Working Condition | Stiffness N/mm | Rotational Angle° |
---|---|---|
Working Condition 1 | 100 | 10.325 |
Working Condition 2 | 500 | 9.683 |
Working Condition 3 | 800 | 9.305 |
Working Condition 4 | 805 | 9.299 |
Working Condition 5 | 850 | 9.248 |
Working Condition 6 | 1000 | 9.081 |
4. The Impact of Bolts on the Torsion of Members
To investigate the impact of bolts on the torsional behavior of members, models of various lengths of rods from Dongping Bridge were established. These models incorporated both fixed and simulated bolted boundary conditions. By comparing the outcomes of these two conditions, the influence coefficient of bolts on member torsion was deduced. Torsional behavior of the hangers was simulated using both torque and displacement methods, setting the torque magnitude to 1e7(10kN·m). When simulating torsion through displacement, the shear center of the mid-span cross-section was also designated as a reference point and coupled with the mid-span section, applying a torsional angle of 0.1 rad to the reference point.
Eight different lengths of members from Dongping Bridge were constructed without web openings, including rigid boundary conditions and conditions simulating bolted connections through contact stiffness (connector elements were established only for Rod No. 1 for comparative validation). Following the aforementioned simulation approach, the resulting influence coefficient (a ratio of strain or stress under bolted boundary conditions to fixed boundary conditions) was obtained. The calculation results are shown in Table 2 and Table 3, and the fitting diagram of the influence coefficient is shown in Figure 5. Under a fixed torque, when the length of the member is short, the influence coefficient is relatively high, and it decreases continuously as the length of the member increases, reaching about 2.1 when the length is around 40 meters. Under a fixed rotational angle, the maximum normal stress ratio, considering bolt action and fixed boundary conditions, was around 0.6.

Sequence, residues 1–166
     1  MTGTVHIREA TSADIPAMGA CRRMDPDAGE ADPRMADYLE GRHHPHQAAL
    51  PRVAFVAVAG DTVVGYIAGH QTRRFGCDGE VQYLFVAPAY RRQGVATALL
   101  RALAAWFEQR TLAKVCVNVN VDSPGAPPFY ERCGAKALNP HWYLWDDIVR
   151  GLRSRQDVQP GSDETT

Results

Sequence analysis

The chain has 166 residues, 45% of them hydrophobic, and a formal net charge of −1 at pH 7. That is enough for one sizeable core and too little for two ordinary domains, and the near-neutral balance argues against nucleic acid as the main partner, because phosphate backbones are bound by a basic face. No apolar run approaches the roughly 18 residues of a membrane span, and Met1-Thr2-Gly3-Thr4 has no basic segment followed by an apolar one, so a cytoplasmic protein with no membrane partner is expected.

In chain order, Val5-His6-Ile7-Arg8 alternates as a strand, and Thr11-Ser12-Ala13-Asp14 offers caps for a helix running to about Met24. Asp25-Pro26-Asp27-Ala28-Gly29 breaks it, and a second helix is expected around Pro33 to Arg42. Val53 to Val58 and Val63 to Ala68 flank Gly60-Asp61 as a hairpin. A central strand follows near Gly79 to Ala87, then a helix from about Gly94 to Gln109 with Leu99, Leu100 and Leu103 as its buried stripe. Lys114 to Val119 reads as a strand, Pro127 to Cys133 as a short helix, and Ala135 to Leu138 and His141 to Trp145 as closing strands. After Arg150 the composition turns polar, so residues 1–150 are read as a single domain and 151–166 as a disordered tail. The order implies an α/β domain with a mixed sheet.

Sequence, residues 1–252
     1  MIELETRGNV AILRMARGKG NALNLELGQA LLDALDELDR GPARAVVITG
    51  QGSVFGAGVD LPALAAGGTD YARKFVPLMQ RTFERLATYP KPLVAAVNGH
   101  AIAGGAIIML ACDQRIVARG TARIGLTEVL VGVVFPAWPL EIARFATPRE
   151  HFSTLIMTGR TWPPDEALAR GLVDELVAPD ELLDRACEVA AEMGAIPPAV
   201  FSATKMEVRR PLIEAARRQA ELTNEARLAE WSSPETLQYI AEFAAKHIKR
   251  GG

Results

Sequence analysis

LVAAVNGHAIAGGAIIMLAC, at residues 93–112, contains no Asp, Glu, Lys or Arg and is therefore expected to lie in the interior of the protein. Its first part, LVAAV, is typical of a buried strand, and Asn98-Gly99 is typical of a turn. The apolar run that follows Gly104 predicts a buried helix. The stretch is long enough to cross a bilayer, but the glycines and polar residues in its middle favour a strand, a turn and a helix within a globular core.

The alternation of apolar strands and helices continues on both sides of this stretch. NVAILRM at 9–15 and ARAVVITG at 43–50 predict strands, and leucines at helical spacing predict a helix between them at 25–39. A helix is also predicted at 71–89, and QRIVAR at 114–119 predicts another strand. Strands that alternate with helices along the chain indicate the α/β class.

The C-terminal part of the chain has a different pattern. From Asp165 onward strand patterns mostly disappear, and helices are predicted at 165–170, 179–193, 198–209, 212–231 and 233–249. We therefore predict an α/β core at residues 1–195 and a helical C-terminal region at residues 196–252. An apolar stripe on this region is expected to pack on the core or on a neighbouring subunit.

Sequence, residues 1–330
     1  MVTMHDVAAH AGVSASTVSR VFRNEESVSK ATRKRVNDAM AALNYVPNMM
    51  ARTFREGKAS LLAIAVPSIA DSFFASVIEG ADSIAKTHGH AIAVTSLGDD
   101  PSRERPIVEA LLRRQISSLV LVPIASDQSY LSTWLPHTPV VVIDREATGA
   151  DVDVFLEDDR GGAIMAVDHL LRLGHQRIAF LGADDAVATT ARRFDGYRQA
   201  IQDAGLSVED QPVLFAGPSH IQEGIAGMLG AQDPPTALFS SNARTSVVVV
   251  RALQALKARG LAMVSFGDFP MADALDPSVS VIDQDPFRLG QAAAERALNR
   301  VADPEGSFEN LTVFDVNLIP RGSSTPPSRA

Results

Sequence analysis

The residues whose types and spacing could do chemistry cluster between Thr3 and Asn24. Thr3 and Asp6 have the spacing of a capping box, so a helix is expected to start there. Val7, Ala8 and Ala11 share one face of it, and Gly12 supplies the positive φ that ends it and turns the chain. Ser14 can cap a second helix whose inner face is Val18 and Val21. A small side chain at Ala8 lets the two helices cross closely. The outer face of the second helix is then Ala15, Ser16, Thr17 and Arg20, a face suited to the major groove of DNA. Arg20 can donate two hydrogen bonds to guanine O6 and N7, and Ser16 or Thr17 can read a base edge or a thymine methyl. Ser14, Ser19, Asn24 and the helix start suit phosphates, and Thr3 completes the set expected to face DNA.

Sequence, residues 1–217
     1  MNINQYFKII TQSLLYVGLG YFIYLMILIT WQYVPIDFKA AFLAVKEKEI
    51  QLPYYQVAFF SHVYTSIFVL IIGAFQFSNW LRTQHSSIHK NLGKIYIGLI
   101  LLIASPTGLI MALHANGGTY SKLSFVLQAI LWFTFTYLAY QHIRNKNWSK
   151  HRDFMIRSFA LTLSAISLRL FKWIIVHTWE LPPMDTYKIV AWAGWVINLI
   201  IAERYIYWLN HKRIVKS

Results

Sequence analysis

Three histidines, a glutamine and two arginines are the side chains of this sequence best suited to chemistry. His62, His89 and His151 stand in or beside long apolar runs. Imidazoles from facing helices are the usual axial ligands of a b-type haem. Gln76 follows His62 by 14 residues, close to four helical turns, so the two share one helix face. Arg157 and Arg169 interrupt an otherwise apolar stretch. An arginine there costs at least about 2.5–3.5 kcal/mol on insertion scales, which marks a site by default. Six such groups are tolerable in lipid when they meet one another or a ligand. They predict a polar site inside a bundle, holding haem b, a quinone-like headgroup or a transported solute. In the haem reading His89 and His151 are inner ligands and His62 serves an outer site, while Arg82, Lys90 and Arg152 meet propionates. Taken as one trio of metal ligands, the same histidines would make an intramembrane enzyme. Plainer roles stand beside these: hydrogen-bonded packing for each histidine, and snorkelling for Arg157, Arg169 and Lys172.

Member | Fixed | Contact Stiffness 8500/mm | Contact Element 805 N/mm | Bolt/Fixed |
---|---|---|---|---|
1 | 0.09994 | 0.212 | 0.21 | 2.12 |
2 | 0.09578 | 0.2086 | 2.18 | |
3 | 0.08362 | 0.1837 | 2.20 | |
4 | 0.06527 | 0.1501 | 2.30 | |
5 | 0.04366 | 0.1071 | 2.45 | |
6 | 0.02291 | 0.06106 | 2.67 | |
7 | 0.007585 | 0.02272 | 3.00 | |
8 | 0.000703 | 0.006525 | 9.28 |
Member | Fixed | Contact Stiffness 8500/mm | Bolt/Fixed |
---|---|---|---|